On Rationality of Chickens
When I was studying political economy at my university in Budapest, my professor told us about Rational Choice Theory. According to this theory human decision-making relies on choices that maximize their personal benefits and minimize the costs they have to pay. It basically means that given your circumstances and preferences you will make a choice to get the best of a situation with minimal losses. A payoff function of your decisions defines utility maximization.
The concept of rationality has dominated the field of mainstream economics. Individualistic decisions conquered the minds of the most prominent decision-makers on the national level. I always though that rational thinking and rational behavior have something to do with the fact that humans still have animal instincts and act accordingly. I thought that just like animals, humans will calculate all the odds and will behave rationally to get the maximum profit out of selfish desires to succeed.
Hence I believed that animals are the most rational creatures you can find. Hunting for food and eating as much as they could was a part of this understanding.
This March I went home to my hometown of Vladivostok. My mum has a small farm with 10 hens and 3 roosters. They run around in the garden destroying her cucumbers, cabbage, strawberries, and whatever they can find when my mum doesn’t see them.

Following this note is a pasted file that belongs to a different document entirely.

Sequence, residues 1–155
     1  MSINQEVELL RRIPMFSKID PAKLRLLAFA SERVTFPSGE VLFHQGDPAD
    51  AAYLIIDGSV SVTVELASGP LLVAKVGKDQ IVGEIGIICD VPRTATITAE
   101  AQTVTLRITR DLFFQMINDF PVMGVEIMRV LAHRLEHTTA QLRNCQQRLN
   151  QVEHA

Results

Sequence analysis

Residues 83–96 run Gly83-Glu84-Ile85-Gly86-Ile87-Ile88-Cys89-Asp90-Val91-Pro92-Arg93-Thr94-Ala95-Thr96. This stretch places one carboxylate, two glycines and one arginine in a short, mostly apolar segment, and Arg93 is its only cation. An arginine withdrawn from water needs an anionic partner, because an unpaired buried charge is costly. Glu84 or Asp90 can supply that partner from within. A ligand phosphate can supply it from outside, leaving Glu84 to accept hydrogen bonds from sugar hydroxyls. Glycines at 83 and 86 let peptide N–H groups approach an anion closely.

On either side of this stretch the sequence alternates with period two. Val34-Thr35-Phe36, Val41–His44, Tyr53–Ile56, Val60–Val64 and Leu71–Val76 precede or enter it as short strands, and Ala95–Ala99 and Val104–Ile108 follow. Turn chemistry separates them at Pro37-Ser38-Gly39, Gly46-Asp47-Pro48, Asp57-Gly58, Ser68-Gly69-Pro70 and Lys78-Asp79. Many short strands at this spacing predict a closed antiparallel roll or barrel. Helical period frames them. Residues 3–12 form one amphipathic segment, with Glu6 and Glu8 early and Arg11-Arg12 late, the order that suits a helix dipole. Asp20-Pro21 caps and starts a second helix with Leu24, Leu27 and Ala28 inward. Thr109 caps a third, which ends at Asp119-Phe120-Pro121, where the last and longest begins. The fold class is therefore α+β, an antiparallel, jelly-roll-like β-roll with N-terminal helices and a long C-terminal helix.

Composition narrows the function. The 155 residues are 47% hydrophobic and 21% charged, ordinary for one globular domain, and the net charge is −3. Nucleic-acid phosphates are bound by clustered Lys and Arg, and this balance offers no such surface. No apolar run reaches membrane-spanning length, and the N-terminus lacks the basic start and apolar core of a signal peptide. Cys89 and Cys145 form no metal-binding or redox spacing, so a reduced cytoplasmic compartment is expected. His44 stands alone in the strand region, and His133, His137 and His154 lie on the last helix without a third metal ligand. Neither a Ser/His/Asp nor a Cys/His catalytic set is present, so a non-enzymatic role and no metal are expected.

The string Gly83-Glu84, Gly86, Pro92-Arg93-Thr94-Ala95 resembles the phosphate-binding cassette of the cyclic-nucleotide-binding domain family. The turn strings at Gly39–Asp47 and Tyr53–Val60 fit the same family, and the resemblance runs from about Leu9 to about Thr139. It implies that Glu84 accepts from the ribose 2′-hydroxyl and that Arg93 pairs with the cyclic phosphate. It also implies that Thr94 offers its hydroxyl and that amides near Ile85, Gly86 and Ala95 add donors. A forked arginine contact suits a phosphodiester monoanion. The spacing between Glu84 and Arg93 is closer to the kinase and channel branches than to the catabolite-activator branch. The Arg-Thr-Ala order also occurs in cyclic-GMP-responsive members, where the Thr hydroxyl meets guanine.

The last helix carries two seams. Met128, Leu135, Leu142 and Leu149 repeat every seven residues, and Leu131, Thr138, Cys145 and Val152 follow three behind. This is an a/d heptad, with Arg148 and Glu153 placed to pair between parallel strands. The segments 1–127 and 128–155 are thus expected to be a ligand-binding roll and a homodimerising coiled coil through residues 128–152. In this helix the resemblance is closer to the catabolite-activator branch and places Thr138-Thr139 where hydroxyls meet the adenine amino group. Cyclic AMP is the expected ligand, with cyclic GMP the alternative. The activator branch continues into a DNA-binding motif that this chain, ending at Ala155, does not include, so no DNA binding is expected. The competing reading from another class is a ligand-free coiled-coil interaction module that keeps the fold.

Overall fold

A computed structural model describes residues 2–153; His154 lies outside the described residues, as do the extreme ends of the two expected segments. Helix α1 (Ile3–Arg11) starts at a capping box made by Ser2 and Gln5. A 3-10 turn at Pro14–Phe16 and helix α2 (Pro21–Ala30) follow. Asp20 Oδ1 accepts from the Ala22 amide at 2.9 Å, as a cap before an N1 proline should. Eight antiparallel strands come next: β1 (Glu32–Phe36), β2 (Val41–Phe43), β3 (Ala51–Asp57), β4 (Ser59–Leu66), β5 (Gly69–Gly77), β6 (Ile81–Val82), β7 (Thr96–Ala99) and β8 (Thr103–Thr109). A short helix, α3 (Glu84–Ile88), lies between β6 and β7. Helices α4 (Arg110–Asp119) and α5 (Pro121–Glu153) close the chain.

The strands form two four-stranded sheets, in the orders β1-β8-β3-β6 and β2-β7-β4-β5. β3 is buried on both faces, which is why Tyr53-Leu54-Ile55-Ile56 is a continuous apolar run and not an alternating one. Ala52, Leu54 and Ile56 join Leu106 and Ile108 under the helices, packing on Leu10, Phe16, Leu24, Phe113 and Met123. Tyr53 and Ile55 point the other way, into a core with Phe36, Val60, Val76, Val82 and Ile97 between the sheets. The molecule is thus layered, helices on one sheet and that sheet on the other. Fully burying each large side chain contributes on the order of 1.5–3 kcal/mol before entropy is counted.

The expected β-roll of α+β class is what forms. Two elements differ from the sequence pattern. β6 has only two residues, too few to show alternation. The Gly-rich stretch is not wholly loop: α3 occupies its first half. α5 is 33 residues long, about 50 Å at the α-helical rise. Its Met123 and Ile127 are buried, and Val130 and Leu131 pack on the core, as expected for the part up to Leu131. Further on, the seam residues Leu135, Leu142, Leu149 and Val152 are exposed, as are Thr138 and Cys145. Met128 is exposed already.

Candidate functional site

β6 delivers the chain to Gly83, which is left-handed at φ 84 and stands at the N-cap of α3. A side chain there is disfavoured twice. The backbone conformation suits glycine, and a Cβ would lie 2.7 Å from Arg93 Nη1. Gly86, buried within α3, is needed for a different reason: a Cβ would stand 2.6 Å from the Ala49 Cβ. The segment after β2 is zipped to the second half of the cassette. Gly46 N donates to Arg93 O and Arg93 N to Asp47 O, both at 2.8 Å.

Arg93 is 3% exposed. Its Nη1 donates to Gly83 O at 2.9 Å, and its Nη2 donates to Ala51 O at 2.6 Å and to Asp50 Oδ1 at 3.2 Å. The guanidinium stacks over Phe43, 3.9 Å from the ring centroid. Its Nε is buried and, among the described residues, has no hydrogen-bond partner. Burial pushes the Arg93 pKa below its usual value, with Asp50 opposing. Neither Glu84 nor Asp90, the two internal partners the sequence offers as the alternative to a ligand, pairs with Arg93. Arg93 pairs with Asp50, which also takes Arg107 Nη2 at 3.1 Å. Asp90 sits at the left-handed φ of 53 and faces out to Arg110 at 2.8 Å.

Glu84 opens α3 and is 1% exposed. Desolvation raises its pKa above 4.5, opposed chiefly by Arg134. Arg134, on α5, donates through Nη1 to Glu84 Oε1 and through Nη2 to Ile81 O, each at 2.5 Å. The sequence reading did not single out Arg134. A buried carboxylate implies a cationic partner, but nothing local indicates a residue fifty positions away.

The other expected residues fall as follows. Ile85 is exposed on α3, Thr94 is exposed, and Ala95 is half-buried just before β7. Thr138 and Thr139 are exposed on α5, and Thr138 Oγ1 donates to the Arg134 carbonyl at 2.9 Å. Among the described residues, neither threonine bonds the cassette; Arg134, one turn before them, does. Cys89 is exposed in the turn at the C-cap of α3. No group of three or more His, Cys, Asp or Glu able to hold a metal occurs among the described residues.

One day I looked outside the kitchen window and saw a lonely rooster looking right at me, begging for food. This rooster isn’t the most successful among them, other chickens and roosters beat him and chase him around. I though he was smart as he knew where to come and wait for a small treat. So I got some bits and pieces of bread and started throwing them outside for him. What do you think the rooster did?
No, he didn’t eat the bread. He took one piece of bread and started making a weird sound. Upon hearing this sound three of four hens showed up and ate all the bread. He didn’t get any bread. I was simply astonished and surprised to see this. My mum noted: “Well, he needed to feed his girls.”
After all, even chickens aren’t so simplistic and selfish-oriented towards their goal maximization. If you have a chance to spend some time with chickens in the village, you will understand that they’re not that dumb.
I love nature and it amuses me all the time. I guess humans are like these chickens and roosters; they don’t calculate the odds and benefits all the time. Utility maximization doesn’t always dictate us what to do.
Watch this incredible video of Green Heron catching fish. There are some smart moves: